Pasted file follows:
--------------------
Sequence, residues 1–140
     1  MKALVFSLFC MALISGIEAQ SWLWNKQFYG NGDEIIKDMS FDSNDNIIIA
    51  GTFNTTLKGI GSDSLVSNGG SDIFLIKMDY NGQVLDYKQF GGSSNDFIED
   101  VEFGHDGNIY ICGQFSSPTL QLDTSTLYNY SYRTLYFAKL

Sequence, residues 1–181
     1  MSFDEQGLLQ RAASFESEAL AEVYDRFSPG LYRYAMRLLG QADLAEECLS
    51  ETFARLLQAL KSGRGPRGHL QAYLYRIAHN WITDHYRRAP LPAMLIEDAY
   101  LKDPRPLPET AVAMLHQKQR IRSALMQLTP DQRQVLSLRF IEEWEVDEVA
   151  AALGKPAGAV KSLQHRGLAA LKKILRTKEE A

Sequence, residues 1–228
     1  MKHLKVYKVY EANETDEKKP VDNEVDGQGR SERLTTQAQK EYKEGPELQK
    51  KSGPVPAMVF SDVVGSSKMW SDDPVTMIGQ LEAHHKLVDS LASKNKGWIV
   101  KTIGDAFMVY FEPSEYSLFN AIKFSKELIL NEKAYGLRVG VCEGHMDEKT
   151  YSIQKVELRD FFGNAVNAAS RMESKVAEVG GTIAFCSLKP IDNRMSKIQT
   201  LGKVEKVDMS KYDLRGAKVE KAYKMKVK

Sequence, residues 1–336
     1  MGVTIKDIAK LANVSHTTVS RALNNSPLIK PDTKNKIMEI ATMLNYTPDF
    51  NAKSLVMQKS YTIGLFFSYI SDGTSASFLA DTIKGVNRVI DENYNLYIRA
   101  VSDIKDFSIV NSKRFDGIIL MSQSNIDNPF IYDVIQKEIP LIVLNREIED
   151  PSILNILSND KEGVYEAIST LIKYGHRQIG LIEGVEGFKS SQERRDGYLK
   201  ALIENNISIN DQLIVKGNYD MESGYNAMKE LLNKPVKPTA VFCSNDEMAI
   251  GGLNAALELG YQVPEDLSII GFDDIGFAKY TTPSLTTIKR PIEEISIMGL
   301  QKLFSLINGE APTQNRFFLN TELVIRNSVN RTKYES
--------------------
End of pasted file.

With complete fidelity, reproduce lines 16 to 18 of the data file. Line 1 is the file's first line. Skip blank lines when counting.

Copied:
Sequence, residues 1–336
     1  MGVTIKDIAK LANVSHTTVS RALNNSPLIK PDTKNKIMEI ATMLNYTPDF
    51  NAKSLVMQKS YTIGLFFSYI SDGTSASFLA DTIKGVNRVI DENYNLYIRA